Dante's Comedy and Heroic Poetry
J. K. Newman
At the opening of the Paradiso, Dante notes that now he has need of both peaks of Parnassus:
Infino a qui l'un giogo di Parnaso
assai mi fu; ma or con amendue
m' è uopo intrar ne I'aringo rímaso …
Si rade volte, padre, se ne coglie
per trïunfare o cesare o poeta,
colpa e vergogna de l'umane voglie,1
che parturir letizia in su la lieta
delfica deïtà dovria la fronda
peneia, quando alcun di sé asseta.
Poca favilla gran fiamma seconda:
forse di retro a me con miglior voci
si pregherà perché Cirra risponda.
So far one peak of Parnassus was enough for me, but now with both I have need to enter the arena that remains … So rarely, Father, is the laurel plucked to honor the triumph of emperor or poet (fault and shame of human wills) that the Peneian bough must give birth to joy upon the joyful Delphic god, when it fills someone with thirst for it. A great flame follows a small spark. Perhaps after me a better prayer will secure an answer from the Delphic shrine. (1.1618, 28–36)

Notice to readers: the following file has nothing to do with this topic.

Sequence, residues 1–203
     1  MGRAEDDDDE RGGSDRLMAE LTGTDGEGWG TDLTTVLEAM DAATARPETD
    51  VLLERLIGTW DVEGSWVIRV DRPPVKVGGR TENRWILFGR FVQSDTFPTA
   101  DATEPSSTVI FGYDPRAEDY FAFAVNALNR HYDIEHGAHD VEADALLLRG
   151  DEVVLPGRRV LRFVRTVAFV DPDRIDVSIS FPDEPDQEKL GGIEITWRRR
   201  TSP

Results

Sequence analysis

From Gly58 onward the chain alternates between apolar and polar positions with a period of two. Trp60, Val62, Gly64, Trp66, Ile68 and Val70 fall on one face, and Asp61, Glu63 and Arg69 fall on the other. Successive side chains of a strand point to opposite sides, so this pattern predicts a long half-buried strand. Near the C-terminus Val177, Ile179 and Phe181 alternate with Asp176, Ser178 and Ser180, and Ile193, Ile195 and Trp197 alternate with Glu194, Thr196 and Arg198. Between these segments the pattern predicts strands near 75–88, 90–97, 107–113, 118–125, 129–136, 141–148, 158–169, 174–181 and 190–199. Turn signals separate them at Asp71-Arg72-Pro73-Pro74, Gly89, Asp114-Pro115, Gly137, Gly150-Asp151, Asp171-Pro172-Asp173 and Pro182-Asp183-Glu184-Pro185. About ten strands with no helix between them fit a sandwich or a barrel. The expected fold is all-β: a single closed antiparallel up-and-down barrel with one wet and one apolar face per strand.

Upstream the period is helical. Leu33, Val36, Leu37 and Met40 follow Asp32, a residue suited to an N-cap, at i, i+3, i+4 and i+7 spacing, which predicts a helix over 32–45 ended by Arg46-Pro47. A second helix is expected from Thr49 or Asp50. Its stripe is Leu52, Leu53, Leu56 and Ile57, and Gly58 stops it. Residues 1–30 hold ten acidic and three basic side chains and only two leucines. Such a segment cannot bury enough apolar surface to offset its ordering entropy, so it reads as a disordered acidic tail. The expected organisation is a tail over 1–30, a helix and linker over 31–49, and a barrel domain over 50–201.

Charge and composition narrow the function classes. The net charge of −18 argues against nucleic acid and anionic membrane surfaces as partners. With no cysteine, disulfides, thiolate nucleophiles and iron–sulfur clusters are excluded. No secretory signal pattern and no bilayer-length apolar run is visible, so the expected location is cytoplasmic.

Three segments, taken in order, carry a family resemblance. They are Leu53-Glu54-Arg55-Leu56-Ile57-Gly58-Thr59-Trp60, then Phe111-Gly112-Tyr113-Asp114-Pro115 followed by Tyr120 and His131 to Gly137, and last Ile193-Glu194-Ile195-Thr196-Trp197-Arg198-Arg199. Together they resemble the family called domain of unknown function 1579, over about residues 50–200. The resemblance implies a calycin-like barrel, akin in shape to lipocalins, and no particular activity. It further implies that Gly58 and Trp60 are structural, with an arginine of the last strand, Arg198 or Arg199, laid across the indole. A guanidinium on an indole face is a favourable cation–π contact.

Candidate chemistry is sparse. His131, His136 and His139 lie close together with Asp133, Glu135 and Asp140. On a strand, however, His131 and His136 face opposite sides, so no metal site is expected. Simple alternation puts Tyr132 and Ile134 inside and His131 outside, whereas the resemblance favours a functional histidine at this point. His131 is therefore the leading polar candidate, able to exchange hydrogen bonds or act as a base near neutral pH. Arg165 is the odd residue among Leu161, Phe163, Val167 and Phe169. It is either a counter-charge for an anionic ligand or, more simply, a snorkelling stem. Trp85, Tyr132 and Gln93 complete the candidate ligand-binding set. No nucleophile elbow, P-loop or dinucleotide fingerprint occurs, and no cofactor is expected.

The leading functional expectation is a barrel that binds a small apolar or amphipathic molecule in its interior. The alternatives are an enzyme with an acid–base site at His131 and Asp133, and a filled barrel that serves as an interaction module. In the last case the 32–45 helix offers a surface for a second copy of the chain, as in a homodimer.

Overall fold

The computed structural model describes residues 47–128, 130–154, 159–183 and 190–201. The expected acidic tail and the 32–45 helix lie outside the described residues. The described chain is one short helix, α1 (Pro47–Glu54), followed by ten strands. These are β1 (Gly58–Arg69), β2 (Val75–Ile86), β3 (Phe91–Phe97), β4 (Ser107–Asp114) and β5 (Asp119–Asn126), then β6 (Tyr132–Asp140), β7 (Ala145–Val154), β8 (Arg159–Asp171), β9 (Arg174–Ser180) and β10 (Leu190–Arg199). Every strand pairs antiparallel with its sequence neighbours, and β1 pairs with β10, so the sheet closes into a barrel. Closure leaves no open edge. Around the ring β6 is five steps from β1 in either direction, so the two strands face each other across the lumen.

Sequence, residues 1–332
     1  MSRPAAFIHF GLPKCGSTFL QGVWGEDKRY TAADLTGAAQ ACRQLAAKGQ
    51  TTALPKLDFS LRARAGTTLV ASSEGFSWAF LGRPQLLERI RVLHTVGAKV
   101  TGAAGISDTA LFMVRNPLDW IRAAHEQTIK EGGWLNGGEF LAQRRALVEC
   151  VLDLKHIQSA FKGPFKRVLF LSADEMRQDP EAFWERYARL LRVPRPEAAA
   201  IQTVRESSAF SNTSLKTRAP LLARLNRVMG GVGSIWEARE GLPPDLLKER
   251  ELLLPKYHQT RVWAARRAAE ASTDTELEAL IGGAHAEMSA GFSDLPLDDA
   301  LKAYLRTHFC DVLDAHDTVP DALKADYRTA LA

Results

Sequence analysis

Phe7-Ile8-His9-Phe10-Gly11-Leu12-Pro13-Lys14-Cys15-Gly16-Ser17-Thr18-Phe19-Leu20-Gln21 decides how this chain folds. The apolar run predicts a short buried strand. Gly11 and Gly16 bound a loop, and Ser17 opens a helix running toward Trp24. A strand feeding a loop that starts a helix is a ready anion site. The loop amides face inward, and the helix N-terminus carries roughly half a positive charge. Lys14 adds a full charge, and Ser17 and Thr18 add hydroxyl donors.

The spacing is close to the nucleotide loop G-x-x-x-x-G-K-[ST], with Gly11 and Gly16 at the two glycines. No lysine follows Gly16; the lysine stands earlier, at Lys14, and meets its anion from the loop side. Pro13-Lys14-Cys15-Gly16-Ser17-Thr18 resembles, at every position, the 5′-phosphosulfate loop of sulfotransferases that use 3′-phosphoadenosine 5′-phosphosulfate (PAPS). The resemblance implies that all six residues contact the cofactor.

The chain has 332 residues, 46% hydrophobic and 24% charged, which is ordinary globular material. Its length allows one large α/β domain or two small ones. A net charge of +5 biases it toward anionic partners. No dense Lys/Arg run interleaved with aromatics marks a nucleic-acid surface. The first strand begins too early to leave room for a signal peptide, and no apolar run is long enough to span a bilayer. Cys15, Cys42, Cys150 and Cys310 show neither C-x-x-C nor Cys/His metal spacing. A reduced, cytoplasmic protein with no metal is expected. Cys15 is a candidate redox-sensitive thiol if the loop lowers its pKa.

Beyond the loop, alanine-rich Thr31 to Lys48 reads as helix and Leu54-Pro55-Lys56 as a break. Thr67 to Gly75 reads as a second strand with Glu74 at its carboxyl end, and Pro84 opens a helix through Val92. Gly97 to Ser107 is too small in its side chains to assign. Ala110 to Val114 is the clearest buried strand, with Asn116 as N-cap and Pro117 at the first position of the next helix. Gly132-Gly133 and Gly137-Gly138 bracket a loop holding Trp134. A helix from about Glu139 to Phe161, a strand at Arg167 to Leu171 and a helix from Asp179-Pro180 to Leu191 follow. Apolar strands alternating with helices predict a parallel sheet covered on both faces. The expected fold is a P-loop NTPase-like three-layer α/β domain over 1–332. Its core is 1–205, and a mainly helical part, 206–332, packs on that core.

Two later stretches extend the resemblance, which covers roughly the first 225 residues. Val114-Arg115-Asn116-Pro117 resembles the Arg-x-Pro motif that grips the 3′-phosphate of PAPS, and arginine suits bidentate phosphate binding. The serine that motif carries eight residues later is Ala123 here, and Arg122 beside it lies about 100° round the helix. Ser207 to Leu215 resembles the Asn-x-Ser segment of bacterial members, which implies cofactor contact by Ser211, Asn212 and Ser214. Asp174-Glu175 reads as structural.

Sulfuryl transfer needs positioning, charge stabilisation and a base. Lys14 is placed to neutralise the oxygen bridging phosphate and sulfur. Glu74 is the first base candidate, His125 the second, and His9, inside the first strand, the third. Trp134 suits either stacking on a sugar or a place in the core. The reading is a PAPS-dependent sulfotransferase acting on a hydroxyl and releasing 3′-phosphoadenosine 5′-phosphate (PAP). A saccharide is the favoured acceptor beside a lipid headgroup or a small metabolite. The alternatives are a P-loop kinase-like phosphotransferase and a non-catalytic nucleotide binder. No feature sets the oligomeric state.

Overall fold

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Publication information: Book title: Epic and Epoch: Essays on the Interpretation and History of a Genre. Contributors: Steven M. Oberhelman - Editor, Van Kelly - Editor, Richard J. Golsan - Editor. Publisher: Texas Tech University Press. Place of publication: Lubbock, TX. Publication year: 1994. Page number: 119.
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